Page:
Atlanta house prices are up sharply over the past year, and institutional investors are buying or building dwellings, according to the Atlanta Fed’s Beige Book, released Wednesday.
According to SaportaReport, On Tuesday, the S&P CoreLogic Case-Shiller Indices report put the price hikes into perspective. The year-over-year rate of increase in metro Atlanta housing prices was 21.2 percent. The national rate of increase was 19.5 percent, the index showed.
The Atlanta Fed’s Beige Book report provides a key insight in observing the rising participation of investment firms in the housing market. These companies influence prices through their ability to pay cash to sellers. The report analyzes the Southeastern district, in which metro Atlanta is a significant component. “Homebuilders noted elevated interest from institutional investors seeking to buy or build new homes for single-family rental units,” the report reads.
The Atlanta Fed’s Beige Book touches on the complexity of the housing situation in this comment:
“Although still strong, housing demand moderated further from the record highs experienced over the past year. Nonetheless, the recent uptick in mortgage interest rates led to an improvement in residential sales, spurred by homebuyers’ expectations that interest rates will rise further… On a year-over-year basis, home prices increased sharply in markets like Atlanta, Nashville, and central and south Florida. Affordability contracted further throughout the District. Housing starts were up from year-earlier levels in most markets.”
The S&P CoreLogic Case-Shiller noted that the pace of price increases has declined slightly. The Nov. 30 report also observed that prices in the report’s 20-city benchmark increased in September, and prices in all 20 cities are at an all-time high.
“More data will be required to understand whether this demand surge represents simply an acceleration of purchases that would have occurred over the next several years, or reflects a secular change in locational preferences. September’s report is consistent with either explanation,” analysts observed.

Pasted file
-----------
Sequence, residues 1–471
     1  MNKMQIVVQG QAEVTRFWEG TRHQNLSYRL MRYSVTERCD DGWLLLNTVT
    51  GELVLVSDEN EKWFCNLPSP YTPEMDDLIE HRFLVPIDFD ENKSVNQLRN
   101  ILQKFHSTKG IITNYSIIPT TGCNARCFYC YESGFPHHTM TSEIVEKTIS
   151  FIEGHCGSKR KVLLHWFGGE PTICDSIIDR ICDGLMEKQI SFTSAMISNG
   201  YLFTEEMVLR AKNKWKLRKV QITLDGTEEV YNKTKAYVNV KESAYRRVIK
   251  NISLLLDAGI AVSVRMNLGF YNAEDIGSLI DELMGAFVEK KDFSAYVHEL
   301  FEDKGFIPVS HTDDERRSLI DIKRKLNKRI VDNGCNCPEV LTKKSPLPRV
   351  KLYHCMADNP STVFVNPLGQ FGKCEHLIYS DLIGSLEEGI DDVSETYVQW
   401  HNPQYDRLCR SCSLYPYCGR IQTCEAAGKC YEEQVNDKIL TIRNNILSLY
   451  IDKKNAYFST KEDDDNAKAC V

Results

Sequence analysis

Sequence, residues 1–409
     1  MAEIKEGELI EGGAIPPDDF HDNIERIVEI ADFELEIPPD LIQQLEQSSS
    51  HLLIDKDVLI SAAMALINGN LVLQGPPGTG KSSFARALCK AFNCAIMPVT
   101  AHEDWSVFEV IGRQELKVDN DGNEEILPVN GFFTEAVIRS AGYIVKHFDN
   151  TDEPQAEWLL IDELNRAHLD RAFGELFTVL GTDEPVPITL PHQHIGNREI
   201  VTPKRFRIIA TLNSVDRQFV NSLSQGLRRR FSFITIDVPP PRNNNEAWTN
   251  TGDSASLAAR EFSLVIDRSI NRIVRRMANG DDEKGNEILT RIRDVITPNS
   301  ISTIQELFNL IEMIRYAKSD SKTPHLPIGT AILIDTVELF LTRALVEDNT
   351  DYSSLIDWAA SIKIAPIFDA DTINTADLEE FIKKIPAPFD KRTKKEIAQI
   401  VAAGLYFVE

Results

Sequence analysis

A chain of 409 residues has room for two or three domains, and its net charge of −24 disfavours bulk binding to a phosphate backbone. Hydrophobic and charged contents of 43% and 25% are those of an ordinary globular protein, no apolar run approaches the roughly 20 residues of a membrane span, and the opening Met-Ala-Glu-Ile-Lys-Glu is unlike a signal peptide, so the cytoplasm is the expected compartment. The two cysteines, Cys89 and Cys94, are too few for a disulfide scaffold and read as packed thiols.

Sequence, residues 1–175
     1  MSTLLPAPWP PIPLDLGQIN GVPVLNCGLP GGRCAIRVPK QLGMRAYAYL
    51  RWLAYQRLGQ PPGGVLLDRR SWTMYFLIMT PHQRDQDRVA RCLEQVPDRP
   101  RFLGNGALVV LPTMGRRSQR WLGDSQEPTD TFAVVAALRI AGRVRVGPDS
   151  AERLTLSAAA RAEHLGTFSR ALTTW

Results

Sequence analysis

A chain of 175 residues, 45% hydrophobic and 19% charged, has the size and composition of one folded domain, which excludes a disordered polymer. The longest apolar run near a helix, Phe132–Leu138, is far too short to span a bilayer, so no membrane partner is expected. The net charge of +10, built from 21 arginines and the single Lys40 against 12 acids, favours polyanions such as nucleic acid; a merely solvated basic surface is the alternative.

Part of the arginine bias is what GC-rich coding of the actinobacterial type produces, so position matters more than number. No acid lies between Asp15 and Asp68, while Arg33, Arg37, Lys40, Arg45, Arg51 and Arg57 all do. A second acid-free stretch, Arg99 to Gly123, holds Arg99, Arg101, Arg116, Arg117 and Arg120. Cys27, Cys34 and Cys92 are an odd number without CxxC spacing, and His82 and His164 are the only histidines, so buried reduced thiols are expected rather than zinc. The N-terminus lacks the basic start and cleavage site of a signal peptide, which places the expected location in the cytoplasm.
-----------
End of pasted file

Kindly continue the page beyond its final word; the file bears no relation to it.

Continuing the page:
The Atlanta Fed’s report likely incorporates comments gathered after Zillow announced it is getting out the house-flipping business and selling thousands of dwellings. Zillow delivered that news on Nov. 2. The Atlanta Fed gathered information from contacts through Nov. 19.
Zillow had miscalculated volatility in the housing market, it advised shareholders in a letter. The company intends to close its Zillow Offers operation, sell dwellings and lay off a quarter of its workforce. The business was more complicated than expected, though.
“We have been unable to accurately forecast future home prices,” the letter reads. “We have determined this large scale would require too much equity capital, create too much volatility in our earnings and balance sheet, and ultimately result in far lower return on equity than we imagined.”
For some investors, housing remains a haven for cash in part because of the potential for higher returns than other investments. Scattered site investments have traditionally been the purview of mom-and-pop operations. The market changed with the influx of renters following the 2007 Great Recession.
Some renters had lost their homes during the foreclosure crisis and were unable to qualify for loans. Their children’s generation has been slow to form households for reasons attributed, in part, to their parents’ situations, and also to college debt and other factors.